The building industry is unique in that there’s been no increase in productivity in the last 50 years, which is kind of frightening and depressing. But it's also very exciting, because that means this is the category to disrupt.
A lot of the disruption is going to come from linking data and linking software into something that’s easy for people to use and to design with. If developers have the chance to work on a green building that doesn't cost more or take more time than a non-green building, why wouldn't they do that? They would. But we have to provide a way for it to happen.
We have a grand, audacious vision for the big picture. But getting there requires creating bite-sized apps and starting to build a global network. Currently, we've been working in Austin, San Francisco, and other parts of California. But we're also starting to work in places like Singapore. The work we're doing is applicable everywhere, but especially in areas where they’re building a lot. Parts of Asia and South America are places where we see this being utilized very soon.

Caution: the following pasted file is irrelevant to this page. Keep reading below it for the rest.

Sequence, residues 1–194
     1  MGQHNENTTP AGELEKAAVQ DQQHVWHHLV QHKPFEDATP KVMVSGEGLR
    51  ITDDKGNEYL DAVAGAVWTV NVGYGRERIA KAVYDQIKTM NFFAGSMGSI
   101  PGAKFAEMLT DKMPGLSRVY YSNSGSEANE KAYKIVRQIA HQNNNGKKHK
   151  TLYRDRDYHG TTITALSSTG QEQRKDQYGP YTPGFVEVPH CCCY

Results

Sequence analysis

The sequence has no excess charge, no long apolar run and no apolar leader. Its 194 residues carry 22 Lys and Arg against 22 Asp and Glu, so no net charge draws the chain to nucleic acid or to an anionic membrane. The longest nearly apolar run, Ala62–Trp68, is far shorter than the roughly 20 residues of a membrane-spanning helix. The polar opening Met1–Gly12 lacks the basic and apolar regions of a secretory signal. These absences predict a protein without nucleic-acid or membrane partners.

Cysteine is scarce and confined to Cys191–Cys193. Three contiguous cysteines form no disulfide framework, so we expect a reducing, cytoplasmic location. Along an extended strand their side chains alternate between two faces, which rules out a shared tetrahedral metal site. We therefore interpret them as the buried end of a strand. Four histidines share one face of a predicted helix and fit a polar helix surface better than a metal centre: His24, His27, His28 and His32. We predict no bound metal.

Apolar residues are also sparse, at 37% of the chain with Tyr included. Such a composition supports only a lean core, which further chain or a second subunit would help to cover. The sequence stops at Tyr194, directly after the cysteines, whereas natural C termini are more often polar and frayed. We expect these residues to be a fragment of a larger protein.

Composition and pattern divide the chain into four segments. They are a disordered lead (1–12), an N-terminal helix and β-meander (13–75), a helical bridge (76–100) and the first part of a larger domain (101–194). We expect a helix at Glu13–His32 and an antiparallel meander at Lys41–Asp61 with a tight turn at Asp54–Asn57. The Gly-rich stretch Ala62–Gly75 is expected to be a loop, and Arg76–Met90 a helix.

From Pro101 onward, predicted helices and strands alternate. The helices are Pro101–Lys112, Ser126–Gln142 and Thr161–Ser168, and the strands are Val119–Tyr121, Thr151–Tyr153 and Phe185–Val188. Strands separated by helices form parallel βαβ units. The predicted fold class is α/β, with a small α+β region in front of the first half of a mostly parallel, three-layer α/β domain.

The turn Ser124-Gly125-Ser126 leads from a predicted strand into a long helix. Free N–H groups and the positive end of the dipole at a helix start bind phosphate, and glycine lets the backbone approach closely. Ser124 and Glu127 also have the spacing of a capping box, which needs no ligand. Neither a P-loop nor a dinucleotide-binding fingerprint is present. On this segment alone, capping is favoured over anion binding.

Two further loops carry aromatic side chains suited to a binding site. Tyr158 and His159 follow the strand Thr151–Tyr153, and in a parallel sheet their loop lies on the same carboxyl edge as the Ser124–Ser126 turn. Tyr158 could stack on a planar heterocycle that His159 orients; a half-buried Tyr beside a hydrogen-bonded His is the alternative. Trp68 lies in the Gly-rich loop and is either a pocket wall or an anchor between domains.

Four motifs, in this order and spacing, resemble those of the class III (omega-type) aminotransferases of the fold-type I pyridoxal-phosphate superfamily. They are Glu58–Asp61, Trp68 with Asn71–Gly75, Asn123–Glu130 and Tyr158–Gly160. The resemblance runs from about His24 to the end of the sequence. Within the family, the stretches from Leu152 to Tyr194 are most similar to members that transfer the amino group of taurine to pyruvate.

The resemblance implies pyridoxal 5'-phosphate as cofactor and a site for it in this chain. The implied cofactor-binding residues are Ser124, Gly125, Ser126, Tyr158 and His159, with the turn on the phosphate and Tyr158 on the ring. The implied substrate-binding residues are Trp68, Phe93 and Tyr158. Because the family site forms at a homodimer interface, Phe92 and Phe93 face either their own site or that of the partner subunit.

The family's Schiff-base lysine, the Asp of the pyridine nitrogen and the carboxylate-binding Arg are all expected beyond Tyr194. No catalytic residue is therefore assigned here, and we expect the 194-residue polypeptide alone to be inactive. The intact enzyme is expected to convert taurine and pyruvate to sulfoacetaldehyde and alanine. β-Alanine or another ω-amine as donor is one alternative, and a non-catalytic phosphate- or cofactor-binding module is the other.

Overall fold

In terms of the buildings themselves, we're learning more about what our materials and our buildings are really made of. We're learning more about how we can design better mechanical systems to help our health rather than hurting it. And that's going to be a big part of the next 10 years. As we start understanding these things more, our priorities will start shifting a little bit.
This is how sharing and software can make better buildings. If you have the right information and you can see what things are made of, of course you're going to make better choices. When we mix what’s we’ve learned from the past with software and the newer technologies, that's where sustainability really becomes magic.